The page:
In this part of the novel Laila and Mariam take Aziza to a boarding school because they think she will be safer there. The person who says this quote is a man named Zaman and he is a caretaker at the school. Aziza doesn't want to leave her mother and Mariam so she is very sad and shy. Zaman says something that makes her laugh and he is happy about that because he was worried he would have to do something out of the ordinary to make her happy.

This is an example of not only a simile because its use of the word like to compare two things, but it is also an example of onomatopoeia. It exemplifies onomatopoeia because it uses the words cluck and bray to describe sounds.
7. Simile
Page 344
"He sat upright, and, for a few brief moments he appeared merely thoughtful, like a ship captain informed of imminent mutiny taking his time to ponder his next move."

During this part of the novel Laila's childhood best friend, Tariq, and the man she is truly in love with comes to visit and after all these years Laila thought he was dead because Rasheed paid someone to tell her that he was dead. Zalmai (Laila and Rasheed's son) tells Rasheed that Laila let Tariq in and that she spent the afternoon with him. This quote is Mariam's thoughts describing what she is seeing on Rasheed's face. I think she sees the calm before the storm because after this moment Rasheed goes off on both of the women; he yells at both of them and beats them.

This shows a simile by comparing Rasheed to a sailor using the word like.

8. Imagery
Page 354
"Maybe there would be a path to take, a path that led to a grass field where the children could play, or maybe a graveled road that would take them to a clear blue lake where trouts swam and reeds poked through the surface."

Rasheed beat Mariam and Laila harder than he ever had before after he found out about Tariq visiting. He had Laila pinned up against the wall, choking her. So Mariam goes and gets the shovel and she hits Rasheed over the head with it, killing him. Mariam realizes what she has done but she thinks its for the best because he would've killed Laila and after all these years Laila and Mariam do become friends. So the women decide to run away and in this quote Laila is daydreaming about the life she always wished that she could have and now she thinks it can really come true. But what she doesn't realize soon enough is that things are usually too good to be true.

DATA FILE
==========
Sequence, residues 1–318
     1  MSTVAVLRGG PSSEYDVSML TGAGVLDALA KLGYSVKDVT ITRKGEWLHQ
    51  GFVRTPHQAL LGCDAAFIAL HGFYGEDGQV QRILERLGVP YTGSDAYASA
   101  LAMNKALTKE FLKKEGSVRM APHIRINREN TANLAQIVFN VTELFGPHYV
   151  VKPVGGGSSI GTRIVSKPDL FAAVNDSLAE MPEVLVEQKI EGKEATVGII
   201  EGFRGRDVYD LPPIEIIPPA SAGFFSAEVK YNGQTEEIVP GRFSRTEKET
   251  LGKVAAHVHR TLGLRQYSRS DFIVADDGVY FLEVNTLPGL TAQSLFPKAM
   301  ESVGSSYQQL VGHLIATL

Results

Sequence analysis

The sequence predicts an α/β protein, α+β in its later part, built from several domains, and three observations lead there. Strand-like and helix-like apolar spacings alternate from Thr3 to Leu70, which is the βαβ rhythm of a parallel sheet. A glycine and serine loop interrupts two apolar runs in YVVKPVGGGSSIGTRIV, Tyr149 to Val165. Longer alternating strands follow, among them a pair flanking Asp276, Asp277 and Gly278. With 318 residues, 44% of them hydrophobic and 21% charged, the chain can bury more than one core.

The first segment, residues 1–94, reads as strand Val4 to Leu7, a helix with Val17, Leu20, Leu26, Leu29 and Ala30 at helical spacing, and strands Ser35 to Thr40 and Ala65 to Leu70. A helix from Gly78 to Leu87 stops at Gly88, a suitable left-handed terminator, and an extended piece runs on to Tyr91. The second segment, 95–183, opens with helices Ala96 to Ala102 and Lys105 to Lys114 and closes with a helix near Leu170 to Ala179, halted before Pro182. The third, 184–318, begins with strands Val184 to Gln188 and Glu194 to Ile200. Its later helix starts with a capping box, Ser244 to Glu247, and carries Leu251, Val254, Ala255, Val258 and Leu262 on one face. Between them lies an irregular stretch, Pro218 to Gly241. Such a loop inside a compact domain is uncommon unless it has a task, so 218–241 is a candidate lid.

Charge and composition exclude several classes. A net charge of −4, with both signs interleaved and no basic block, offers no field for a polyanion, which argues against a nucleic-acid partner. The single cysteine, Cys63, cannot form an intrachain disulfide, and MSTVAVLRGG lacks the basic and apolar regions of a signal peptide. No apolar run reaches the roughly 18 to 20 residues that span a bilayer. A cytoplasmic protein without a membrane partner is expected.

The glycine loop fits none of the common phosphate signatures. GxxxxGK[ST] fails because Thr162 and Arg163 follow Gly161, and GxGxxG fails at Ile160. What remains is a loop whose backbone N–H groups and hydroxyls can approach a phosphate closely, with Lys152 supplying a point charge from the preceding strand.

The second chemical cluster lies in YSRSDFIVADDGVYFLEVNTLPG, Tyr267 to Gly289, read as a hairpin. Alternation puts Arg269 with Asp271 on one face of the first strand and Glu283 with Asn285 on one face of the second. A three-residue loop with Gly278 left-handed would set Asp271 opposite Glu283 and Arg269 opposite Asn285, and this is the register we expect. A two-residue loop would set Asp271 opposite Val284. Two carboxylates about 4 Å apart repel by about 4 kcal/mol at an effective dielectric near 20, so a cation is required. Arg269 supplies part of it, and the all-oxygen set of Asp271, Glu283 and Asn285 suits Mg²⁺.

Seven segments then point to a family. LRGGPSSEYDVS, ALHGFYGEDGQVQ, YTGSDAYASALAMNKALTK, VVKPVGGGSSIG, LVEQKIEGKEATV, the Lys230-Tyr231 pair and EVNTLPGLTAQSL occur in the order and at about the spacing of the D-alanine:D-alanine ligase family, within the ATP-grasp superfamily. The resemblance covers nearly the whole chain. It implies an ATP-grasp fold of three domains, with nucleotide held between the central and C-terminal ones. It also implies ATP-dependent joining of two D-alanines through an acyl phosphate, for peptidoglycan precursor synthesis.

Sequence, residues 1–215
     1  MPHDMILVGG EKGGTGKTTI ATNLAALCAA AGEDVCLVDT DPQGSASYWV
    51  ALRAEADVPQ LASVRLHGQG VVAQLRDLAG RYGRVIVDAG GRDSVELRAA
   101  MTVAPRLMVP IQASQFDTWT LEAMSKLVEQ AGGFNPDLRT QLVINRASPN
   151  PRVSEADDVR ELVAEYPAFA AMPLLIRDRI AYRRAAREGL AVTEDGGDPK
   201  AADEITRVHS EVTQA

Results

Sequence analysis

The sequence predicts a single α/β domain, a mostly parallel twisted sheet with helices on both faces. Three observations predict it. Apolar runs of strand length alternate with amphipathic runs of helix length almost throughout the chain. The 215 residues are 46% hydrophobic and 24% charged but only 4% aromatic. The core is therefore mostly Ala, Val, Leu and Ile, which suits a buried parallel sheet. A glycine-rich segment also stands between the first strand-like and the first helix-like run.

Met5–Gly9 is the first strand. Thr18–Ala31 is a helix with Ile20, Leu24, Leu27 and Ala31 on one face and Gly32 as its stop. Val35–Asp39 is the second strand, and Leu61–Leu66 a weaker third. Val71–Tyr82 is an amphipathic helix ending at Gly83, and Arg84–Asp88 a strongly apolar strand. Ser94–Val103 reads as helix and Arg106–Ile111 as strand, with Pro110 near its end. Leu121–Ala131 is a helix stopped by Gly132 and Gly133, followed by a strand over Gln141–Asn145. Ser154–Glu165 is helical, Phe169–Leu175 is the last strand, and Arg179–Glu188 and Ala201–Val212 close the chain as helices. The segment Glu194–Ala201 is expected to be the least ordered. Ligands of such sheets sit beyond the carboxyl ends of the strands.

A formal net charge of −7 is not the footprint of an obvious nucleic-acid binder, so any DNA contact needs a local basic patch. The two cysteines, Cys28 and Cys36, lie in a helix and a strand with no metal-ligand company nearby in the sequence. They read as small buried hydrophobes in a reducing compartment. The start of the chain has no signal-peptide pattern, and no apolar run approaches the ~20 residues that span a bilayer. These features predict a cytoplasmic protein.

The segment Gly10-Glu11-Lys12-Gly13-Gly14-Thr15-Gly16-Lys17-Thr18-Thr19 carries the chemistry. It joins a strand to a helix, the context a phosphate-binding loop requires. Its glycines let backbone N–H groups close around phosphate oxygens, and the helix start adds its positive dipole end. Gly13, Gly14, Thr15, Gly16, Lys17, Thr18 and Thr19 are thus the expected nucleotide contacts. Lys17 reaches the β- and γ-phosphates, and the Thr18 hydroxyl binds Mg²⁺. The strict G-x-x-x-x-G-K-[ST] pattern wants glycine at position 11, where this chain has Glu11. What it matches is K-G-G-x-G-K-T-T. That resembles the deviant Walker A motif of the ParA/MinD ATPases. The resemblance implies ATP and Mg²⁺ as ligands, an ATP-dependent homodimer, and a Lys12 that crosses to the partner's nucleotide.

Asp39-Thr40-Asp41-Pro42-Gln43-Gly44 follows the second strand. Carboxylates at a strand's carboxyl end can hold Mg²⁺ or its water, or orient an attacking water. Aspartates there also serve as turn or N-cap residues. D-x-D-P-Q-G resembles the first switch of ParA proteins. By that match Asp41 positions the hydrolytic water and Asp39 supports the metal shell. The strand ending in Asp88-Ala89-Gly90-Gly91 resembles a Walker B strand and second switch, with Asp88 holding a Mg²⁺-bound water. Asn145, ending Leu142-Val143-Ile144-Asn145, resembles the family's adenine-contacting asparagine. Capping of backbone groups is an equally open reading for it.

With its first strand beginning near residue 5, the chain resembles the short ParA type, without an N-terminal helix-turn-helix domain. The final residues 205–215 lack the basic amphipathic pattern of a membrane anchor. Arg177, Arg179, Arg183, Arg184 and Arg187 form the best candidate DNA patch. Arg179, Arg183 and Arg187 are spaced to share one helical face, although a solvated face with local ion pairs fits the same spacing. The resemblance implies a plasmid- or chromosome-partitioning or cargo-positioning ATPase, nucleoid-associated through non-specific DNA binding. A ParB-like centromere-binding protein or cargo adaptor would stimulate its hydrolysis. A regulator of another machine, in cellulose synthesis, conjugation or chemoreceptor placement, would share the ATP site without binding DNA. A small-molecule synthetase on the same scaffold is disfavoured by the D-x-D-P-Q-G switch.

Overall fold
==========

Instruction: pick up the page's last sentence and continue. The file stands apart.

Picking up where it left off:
Laila uses a lot of descriptive language to show her dream world which is an example of imagery.
9. Metaphor
Page 359
"'Kiss Aziza for me,' she said. 'Tell her she is the noor of my eyes and the sultan of my heart. Will you do that for me?'"
By this part of the novel Mariam comes to terms with what she has done and she finds the courage to turn herself in and take the punishment for her crime. She doesn't want to have to face Aziza herself because over the years they have gotten so close. Mariam asks Laila to try to tell Aziza how much she means to her. I think this part of the novel is really meaningful because Mariam is being so strong and courageous by owning up to what she did but she is too scared to say goodbye to an innocent child. But I think that's exactly why Mariam doesn't want to face Aziza, because Aziza is innocent and Mariam is not.

This is an example of a metaphoe because it compares two things without using the words "like" or "as".
10. Imagery
Page 400
"But now, here in this place, it's easy to summon Mariam behind the lids of her eyes: the soft radiance of her gaze, the long chin, the coarsened skin of her neck, the tight-lipped smile."
This quote comes from the end of the novel when Laila goes to look for Mullah Faizullah, who was Mariam's teacher when she was younger back in Herat. She finds his house and his son, Hamza, answers the door and she finds out that the Mullah had passed away. Hamza gives Laila a box that Jalil, Mariam's deceased father, had brought Mullah in hopes that Mariam would come by and get it. In the box was a copy of the movie Pinocchio and a letter from Jalil. After Hamza gives Laila the box she asks him to show her Mariam's old house and so he takes her there. She goes in the hosue alone and easily can close her eyes and see Mariam living there. She describes what she sees very well which made me use this quote as example of imagery.